Westward through the Seto Naikai
Since our chosen route would take us along the west coast of Japan, we needed to backtrack 250 miles to exit the Seto Naikai (Inland Sea) at the Kanmon Kaikyo, where we had first entered in September of 2016.
We sailed 55 miles to Shodo Shima the first day and anchored off the east end. There were no cruising guides for Japan at the time and few people anchored; most choosing to go into marinas or fishing ports. We often were able to discover places to anchor by looking at satellite images and that’s what we did here. The next day we continued another 43 miles to Shiraishi Jima, the island where we’d met Amy Chavez and had such a great time in 2016.
It was great to see Amy again, and this time we got to meet her husband Paul. There was also another sailboat at Shiraishi: s/y Dot with Australians Cathy and Larry aboard. This was the first foreign boat we’d seen this year and only the sixth since we’d arrived in Japan. Not a lot of cruising boats visit Japan.
The sakura were still in bloom on Shiraishi and we were able to spend time reveling in the quintessential Japanese experience of relaxing under the cherry trees.
We’d rushed to Shiraishi from Kobe because Amy had told us the Spring Kobo Daishi Festival was to be held on April 17th. Her email described it as a very special event and we didn’t want to miss it.
The night after our arrival, Amy and Paul invited the crews of Dot and Migration for a pizza party. It was great to spend time with our friends, and especially nice to see Amy’s neighbor Kazu-chan again.
Part of the Kobo Daishi festival involves small wooden sticks upon which one writes a prayer or wish. Amy had purchased sticks for us and Kazu-chan patiently wrote our prayers on them in Japanese.
We’d invited our new friend Lauralee (from Kobe) to visit us. We were excited that she accepted right away and arrived by ferry just a couple of days later. Of course she boarded Migration with a ridiculous number of gifts, including super yum cookies. She arrived at lunchtime and even brought bento boxes for lunch, which we ate under the sakura trees before going hiking.
Though it was a spring festival, the day of the Kobo Daishi festival was grey and rainy. But never mind… this was a fascinating opportunity. We, and the few other gaijin (foreigners) on the island, were treated as honored guests, with Amy and Kazu-chan as our guides and translators.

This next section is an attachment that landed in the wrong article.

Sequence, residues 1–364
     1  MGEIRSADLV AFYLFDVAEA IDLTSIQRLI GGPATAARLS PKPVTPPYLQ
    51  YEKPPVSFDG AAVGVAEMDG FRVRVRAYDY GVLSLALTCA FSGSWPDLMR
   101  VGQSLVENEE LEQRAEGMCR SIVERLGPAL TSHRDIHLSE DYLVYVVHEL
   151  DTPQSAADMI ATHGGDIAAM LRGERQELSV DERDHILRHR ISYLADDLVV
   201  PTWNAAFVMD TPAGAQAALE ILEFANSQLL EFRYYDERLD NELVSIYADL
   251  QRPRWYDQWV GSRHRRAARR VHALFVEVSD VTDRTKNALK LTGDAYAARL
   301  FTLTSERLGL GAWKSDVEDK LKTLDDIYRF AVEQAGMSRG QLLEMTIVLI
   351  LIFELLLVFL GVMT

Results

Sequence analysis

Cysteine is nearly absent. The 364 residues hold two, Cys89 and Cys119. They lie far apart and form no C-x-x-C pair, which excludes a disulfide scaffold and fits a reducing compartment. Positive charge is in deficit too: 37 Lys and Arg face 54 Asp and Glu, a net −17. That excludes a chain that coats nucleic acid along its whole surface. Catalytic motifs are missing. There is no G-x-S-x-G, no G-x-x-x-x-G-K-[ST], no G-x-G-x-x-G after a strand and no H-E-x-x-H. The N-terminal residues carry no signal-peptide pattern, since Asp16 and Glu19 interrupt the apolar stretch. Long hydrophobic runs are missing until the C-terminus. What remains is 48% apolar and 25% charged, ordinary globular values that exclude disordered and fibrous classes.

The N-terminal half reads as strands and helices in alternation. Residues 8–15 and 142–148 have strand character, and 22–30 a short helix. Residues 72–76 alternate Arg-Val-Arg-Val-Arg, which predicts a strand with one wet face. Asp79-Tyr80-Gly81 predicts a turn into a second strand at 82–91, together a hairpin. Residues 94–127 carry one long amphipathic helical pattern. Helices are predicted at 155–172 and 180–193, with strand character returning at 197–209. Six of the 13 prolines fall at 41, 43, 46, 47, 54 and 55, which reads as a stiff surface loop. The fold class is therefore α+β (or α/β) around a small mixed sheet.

We spent the remainder of our time on Shiraishi taking care of Migration and socializing with our friends. We hosted a Thai dinner aboard Migration one night. Another evening everyone was invited over to Dot for a dinner party that included a fair bit of drinking as well as a heated discussion over the relative merits of Marmite and Vegemite — as often happens when Australians are around.
During our stay we were asked to move Migration as we were anchored in the area where the local seaweed farm was going to be installed. Once we moved, the spindly structures were towed into place and anchored for the season.
We finally tore ourselves away from the lovely island and lively friends, and set sail with Lauralee aboard. We were bound for the island of yummy yummy oranges where Kuchan was waiting for us.
Osakikamijima: The Island of Yummy Yummy Oranges
We’d received an email from our friend Yuki saying that she’d met a Frenchman, Van, and was planning on getting married. They’d moved to Osakikamijima — the island of “yummy yummy oranges” as Yuki put it. We needed to make sure Van was the right man for our adored Yuki. We had a fine 37-mile sail weaving through the islands near Onomichi, the town where we’d originally met Yuki and her rabbit Kuchan.
When we saw them together, it was clear that Yuki and Van were very much in love — a good thing as they were choosing an unusual lifestyle; building a “natural house” made of earth, and living like homesteaders in a ramshackle old house until the new one was complete. Van seemed extremely handy, and Yuki is remarkably industrious, inventive, and brave. They invited us for a pizza party, which was so generous — they don’t have running water or electricity, but they had built a pizza oven!
Van gave us a tour of the island, including taking us up to a wonderful viewpoint.
Afterwards we met Yuki in town where she’d arranged for a tour of a very old family-run shoyu (soy sauce) factory. We balanced on plank walkways above ancient wooden vats of fermenting soy mash and were even allowed to give the brew a stir with a long wooden paddle. We left with several bottles of 2- and 3-year aged soy sauce that is the best we’ve ever tasted.
Lauralee had to return to Kobe, so we said farewell as she boarded the ferry– complete with cute anime characters painted on its side — to the mainland. Of course, after she was gone we found more treats she’d left for us.
As long as we were on a dock, it gave Alene an opportunity to go fix something at the top of the mast.
We had one final breakfast aboard Migration (waffles!) with Yuki, Van, and Kuchan before we, too, had to leave.
We knew it would be a long, long time before we saw Yuki again and we were sad to say goodbye.
And what about the yummy yummy oranges?
Matsuyama: Castles, Ancient Onsen, Tomodachi, and Bratwurst
When we met Aibara-san & Kumiko-san on the dock in Onomichi in October 2016, they said we should be sure to visit them in Matsuyama on the island of Shikoku. Though we’d taken a road trip to Shikoku from Kobe, we had not driven as far west as Matsuyama. Now, we were only 24 miles away by water, so we headed south.